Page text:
Asanuma Lens

“Ninety-nine percent of the lenses are better than 100% of photographers.” – Scott Bourne

My friend Lynn Taylor from the Ogden Camera Club gave me this Minolta MD mount lens a few years ago. It’s in great condition, was still in the box with all the packaging materials. Has no scratches, no fungus, and no visible issues.

Minolta Z-700 with Asanuma Lens
Minolta Z-700 with Asanuma Lens
Minolta Z-700 with Asanuma Lens

I don’t normally write about lenses, but who is Asanuma and who makes this lens? Doing a Google search didn’t bring me any closer to an answer for this specific lens, so I did the next best thing. I contacted my source for all-camera-related-questions, my friend Maurice. I asked Maurice if he ever sold Asanuma lenses in his camera store. He said back in the mid-1980’s he had sold a few and, “They were good enough quality secondary market lenses such as Vivitar, Tamron, Sigma, Tokina, and others.” Doing some additional research, Maurice found that Asanuma was essentially a re-branded Tokina lens. He also found additional information from a 1979 Photographic Trade News Master Buying Guide & Directory.

Asanuma Auto 35-105 mm F 3.5

13 elements, 11 groups; angle of accept. 62-230; f/3.5-f/16; macro capability; oversized rubber focusing and zoom rings; compact. Available for Pentax, Konia EE, Canon FTP, Minolta, Nikon, Olympus OM-1, Pentax K, Yashica/Contax, Fujica.

It doesn’t say anything about a Minolta MD mount, so maybe it came a year or two later? Looking at the specs, it appears to be something you’d find on a secondary market camera lens. What I would call an all-purpose lens because it’s a medium zoom that covers an acceptable f-stop range with macro features. The original box had a price of $338.00 USD. That’s about $956 in 2021. Not exactly a cheap lens for the early 1980’s.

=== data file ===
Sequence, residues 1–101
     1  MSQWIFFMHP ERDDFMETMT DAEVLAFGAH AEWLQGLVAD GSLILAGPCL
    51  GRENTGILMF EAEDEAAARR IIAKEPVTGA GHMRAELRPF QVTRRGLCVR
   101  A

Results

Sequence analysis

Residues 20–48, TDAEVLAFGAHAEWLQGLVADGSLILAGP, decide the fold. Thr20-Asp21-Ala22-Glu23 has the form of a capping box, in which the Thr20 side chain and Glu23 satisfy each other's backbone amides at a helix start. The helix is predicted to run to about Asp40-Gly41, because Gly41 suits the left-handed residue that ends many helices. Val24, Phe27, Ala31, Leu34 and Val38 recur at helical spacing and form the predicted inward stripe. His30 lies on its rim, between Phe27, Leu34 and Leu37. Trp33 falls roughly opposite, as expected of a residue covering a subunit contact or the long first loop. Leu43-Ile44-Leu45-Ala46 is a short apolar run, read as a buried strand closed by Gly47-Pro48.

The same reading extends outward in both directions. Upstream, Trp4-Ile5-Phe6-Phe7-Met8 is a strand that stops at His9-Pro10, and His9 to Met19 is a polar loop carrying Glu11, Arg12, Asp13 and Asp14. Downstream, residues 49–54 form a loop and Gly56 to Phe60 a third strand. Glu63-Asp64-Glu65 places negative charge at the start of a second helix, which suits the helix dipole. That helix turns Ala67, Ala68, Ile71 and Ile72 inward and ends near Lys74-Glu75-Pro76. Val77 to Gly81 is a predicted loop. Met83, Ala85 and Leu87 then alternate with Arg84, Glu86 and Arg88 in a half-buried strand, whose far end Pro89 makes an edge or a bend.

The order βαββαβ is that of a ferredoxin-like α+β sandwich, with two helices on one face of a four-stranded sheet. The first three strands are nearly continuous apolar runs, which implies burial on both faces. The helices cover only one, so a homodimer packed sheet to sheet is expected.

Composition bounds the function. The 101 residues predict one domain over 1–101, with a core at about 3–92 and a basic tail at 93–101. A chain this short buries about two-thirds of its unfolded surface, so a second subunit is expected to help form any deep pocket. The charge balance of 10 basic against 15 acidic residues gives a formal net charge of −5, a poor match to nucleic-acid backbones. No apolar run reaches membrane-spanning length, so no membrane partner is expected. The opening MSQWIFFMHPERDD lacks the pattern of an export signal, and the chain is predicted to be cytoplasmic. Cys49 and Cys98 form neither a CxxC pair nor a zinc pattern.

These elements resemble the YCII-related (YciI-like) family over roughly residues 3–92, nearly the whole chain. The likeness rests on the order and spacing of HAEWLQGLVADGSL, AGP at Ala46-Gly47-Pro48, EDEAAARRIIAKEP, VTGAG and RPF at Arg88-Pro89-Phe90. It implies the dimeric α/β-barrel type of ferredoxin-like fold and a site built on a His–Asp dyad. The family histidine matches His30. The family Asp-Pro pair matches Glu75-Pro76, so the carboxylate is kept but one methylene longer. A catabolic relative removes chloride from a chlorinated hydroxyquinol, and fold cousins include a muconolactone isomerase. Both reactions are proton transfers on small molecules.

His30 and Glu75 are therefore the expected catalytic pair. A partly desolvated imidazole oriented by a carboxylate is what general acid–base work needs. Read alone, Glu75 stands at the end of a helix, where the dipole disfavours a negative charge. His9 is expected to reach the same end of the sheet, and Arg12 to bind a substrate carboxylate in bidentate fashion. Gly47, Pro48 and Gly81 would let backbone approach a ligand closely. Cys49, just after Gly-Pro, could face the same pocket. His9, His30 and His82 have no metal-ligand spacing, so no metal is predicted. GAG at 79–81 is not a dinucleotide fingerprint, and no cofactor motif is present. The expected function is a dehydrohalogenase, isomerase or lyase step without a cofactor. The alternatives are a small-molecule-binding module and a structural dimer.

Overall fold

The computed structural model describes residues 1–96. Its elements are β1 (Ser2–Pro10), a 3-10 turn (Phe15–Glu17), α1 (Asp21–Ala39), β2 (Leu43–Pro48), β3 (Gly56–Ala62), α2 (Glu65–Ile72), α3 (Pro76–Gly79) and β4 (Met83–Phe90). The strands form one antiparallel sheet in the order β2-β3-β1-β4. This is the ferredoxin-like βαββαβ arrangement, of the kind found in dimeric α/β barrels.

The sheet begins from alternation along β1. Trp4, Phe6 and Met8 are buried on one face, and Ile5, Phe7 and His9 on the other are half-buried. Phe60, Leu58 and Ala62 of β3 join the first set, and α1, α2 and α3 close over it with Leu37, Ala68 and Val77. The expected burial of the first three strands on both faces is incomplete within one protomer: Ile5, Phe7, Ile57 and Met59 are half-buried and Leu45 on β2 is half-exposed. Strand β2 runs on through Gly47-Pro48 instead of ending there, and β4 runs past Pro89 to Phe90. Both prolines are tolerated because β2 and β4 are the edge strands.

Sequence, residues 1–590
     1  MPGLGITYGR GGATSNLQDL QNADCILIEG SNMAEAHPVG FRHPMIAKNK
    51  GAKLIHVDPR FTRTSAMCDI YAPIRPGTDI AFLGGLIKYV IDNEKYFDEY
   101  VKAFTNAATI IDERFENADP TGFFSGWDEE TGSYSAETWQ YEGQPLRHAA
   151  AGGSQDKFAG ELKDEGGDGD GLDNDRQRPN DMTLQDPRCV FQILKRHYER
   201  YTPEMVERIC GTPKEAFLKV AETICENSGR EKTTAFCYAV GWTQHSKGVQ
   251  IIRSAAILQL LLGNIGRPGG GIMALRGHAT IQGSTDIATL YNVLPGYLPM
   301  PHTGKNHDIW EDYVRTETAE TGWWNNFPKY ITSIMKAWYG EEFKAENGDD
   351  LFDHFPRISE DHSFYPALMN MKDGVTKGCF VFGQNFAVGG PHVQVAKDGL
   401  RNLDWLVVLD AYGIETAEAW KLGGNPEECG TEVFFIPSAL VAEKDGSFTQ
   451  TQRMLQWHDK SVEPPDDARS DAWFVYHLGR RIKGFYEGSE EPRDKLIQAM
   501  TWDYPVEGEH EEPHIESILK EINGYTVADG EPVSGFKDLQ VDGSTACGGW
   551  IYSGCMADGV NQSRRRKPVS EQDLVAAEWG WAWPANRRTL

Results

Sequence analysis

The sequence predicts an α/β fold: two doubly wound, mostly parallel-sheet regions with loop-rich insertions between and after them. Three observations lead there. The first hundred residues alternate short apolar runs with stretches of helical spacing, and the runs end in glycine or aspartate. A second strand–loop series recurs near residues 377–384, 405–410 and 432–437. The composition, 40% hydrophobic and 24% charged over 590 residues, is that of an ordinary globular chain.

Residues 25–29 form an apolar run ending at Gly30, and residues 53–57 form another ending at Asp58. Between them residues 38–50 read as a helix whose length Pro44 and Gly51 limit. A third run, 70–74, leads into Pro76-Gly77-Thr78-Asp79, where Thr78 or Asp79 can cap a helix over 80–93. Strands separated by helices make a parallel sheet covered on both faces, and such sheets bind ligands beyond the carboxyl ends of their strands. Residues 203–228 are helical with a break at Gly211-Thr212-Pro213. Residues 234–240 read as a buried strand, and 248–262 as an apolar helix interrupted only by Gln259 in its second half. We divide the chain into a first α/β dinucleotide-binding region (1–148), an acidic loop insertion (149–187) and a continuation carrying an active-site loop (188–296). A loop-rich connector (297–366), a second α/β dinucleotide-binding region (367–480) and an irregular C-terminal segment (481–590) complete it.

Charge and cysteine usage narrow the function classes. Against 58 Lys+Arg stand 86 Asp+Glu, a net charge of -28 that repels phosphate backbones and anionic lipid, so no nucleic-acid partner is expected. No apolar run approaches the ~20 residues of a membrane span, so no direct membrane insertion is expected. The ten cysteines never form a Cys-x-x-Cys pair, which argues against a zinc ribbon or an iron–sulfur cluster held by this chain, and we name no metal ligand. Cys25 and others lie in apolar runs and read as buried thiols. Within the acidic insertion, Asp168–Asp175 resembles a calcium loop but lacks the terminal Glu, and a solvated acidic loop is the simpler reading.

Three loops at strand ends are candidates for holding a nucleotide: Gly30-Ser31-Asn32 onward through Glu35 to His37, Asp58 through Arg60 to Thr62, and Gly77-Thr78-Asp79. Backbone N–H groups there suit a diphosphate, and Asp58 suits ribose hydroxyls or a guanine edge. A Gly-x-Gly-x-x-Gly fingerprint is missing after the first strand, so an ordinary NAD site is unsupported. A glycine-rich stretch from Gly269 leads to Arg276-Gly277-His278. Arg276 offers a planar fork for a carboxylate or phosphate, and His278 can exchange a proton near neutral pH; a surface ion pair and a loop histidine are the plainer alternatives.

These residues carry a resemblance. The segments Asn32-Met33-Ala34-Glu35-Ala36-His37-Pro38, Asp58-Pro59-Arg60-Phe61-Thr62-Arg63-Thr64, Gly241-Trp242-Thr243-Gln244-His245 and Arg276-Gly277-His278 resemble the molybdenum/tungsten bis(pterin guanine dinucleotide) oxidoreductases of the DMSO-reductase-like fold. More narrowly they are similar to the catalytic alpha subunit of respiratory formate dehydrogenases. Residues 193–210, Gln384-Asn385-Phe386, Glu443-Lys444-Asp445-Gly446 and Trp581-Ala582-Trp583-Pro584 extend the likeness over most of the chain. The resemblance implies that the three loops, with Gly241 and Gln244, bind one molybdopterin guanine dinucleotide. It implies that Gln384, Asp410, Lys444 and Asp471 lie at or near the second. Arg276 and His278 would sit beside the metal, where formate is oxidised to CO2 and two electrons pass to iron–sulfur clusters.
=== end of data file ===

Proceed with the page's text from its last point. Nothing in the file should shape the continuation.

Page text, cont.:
I used the lens on my Minolta X-700. It’s hard for me to tell where the “sweet spot” of this lens is. Unlocking and using the macro focus brings things closer, but makes the images slightly soft. I haven’t taken any outdoor landscape images with the lens, but I think that’s where it would perform the best, wide focus, 35mm at f/11 – f/16. Overall, my images are better than what I expected with the lens. I shot a second roll at the same car show, and a third roll a month later at another car show. My results became better the more I used the lens.

I started off this post with a quote from photographer Scott Bourne. What does it mean? To me, I think the majority of the lens’s we photographers’ judge, based on specs and samples, are more capable than we are at making images. Including the Asanuma lens. I know two digital photographers that consistently blame their expensive autofocus lenses for missed shots. Yes, a lens can come off the production line with issues. We put our trust in the gold quality assurance sticker. But can the photographer be the reason for a poor quality images no matter the lens? Absolutely.

What secondary market or poorly rated lenses have you used to create your favorite images?

Camera: Minolta X-700 (1981)
Lens: Asanuma 35 – 105mm f/3.5
Film: Fomapan Profi Line Classic 100
Process: Cinestill DF96 Monobath (3 Min @ 26° C)

One thought on “Asanuma Lens

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